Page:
A client asked me recently a fun probability question, which revolved around figuring out the probability of success of a research program. In a simplified form, here is the problem: imagine that you have multiple labs, each developing products which have independent probabilities of succeeding – what is the probability of more than a certain number of products being eventually successful?

Let’s illustrate on a simple example. Product A has a 30% probability of success, and product B a 60% probability of success. Combining these into a probability tree, we work out that there is an 18% chance of having 2 products successful, 18% + 12 % + 42% = 72% chance of having 1 or more products succeed, and 28% chances of a total failure.

It’s not a very complicated theoretical problem. Practically, however, when the number of products increases, the number of outcomes becomes large, fairly fast – and working out every single combination by hand is extremely tedious.

Fortunately, using a simple trick, we can generate these combinations with minimal effort. The representation of integers in base 2 is a decomposition in powers of 2, resulting in a unique sequence of 0 and 1. In our simplified example, if we consider the numbers 0, 1, 2 and 3, their decomposition is

0 = 0 x 2^2 + 0 x 2^1 –> 00

1 = 0 x 2^2 + 1 ^ 2^1 –> 01

2 = 1 x 2^2 + 0 x 2^1 –> 10

3 = 1 x 2^2 + 1 x 2^2 –> 11

As a result, if if consider a 1 to encode the success of a product, and a 0 its failure, the binary representation of integers from 0 to 3 gives us all possible outcomes for our two-products scenario.

Excel has a handy function available, DEC2BIN, which generates the binary representation of an integer. Let’s see how we can leverage this to generate all the outcomes of a 5-products scenario. We simply enter 0 to 31 in the column A of our spreadsheet (0 to 2^5-1 possible combinations), and enter in the next column =DEC2BIN(A2,5), where 5 represents the number of places we want, i.e. how many 0 and 1s we want displayed. The result looks like this:

You can see how column B progressively enumerates every 5 “character” combination of 1 and 0, which we will interpret as successes and failures.

We can now easily retrieve the state of each product in each of the branches. We need to read the number in column B, and if the 2nd character in that column is a 1, the 2nd product is successful, which we express using the MID function:

=IF(MID($B2,D$1,1)="1",TRUE,FALSE)

Now we can work out the probability of each scenario, by multiplying together the probabilities of success or failure, based on the state of each product.

At that point, we can compute fairly easily anything we want. For instance, if we wanted to know the probability that at least 3 products end up succeeding, we would simply count the cases where we have at least 3 successes in columns C to G. Using =COUNTIF(C2:G2,TRUE) we can count the number of successes, and =IF(COUNTIF(C2:G2,TRUE)>2,M2,0) will filter cases where more than 2 products succeed, retrieve the probability of the scenario if that condition is met; and summing up these probabilities will give us the overall probability of our scenario of interest.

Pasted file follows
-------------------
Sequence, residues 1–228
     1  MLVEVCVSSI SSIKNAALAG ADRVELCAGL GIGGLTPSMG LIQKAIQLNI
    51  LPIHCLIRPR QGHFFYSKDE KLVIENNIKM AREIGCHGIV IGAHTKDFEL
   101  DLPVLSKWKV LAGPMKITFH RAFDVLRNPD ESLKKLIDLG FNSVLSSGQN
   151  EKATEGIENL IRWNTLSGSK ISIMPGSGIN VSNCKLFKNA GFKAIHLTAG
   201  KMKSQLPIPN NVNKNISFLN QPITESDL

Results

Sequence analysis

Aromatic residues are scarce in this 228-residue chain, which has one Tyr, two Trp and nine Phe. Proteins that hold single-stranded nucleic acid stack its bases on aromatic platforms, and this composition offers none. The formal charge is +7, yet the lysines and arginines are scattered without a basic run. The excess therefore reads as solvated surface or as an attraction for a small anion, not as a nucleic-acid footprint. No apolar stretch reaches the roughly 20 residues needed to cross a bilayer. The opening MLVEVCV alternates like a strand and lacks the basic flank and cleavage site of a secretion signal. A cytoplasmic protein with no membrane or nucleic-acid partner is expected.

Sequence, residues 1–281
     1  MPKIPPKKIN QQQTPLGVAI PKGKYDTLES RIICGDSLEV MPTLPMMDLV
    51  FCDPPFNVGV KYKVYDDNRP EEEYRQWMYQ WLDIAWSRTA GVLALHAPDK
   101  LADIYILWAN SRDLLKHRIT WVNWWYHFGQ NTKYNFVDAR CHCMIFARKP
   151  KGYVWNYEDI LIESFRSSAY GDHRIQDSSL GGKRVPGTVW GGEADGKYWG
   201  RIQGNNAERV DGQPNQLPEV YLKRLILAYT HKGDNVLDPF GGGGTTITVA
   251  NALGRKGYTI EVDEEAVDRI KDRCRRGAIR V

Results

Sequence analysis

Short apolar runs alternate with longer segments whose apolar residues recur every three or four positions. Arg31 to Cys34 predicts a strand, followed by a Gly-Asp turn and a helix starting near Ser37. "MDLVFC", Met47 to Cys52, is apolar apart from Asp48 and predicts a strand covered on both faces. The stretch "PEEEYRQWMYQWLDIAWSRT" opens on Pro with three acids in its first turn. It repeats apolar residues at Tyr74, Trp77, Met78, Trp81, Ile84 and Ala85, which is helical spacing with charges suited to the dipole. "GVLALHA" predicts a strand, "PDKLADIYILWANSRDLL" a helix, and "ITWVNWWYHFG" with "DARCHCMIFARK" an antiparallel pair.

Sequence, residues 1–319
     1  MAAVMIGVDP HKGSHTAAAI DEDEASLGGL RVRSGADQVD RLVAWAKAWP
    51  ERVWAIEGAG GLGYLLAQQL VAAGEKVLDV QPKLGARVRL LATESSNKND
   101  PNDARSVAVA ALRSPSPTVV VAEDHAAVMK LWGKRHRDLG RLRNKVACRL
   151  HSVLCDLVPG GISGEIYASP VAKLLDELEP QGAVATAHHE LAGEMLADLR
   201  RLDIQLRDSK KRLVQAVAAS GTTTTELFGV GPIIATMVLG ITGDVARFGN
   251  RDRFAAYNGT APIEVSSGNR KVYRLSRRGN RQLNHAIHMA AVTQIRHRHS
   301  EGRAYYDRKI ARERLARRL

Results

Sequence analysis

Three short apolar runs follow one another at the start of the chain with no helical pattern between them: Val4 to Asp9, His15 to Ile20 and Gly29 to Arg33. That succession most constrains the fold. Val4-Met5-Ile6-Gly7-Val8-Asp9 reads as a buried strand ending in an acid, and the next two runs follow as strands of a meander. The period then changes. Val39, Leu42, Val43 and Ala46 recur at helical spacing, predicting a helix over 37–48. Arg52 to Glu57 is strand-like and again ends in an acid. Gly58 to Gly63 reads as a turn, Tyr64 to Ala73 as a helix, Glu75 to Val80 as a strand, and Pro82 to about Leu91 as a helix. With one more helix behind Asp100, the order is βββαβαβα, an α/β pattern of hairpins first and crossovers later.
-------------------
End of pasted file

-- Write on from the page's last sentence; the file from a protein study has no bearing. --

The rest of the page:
11/18/2012 11:56:02 PM #

How could one

generatethe first illustration from / by using the Excel spreadsheet?Peter Lindner |

12/4/2012 6:38:37 PM #

I generated the initial chart by hand. You can generate it programmatically, with some VBA, but that would take some effort. A long time ago, I did something like this generating trees in PowerPoint slides, using connectors. The hardest part is probably the layout: unless your tree follows a regular structure, deciding how to layout the nodes and edges in a readable/visually pleasing manner is not trivial.

Mathias |

4/19/2013 3:36:47 AM #

Great post Mathias, thank you.

Formulas may be eased avoiding usage of TRUE and FALSE and replacing them in practice with 1 and 0.

This way,

=IF(MID($B2,D$1,1)="1",TRUE,FALSE)is replaced by a simpler=MID($B2,D$1,1)+0, which gives as a NUMERIC result 1 (meaning TRUE) or 0 (meaning FALSE). The suffix+0automatically converts text to number.This approach has these advantages:

1. Formulae readability.

2. Values readability.

3. Availability of conditional formats such as traffic lights applied to numbers.

4. Availability of results (numbers) for further formulas.

5. Discard of “=IF”, which can be tricky in long formulas.

Finally, this approach also allows handling the probability calculations for each product in one unique mathematical expression instead of the boolean way when replacing

=IF(C2,H$1,1-H$1)with=(1-C2)+(2*C2*H$1-H$1).Thanks again.

Lino Wchima |

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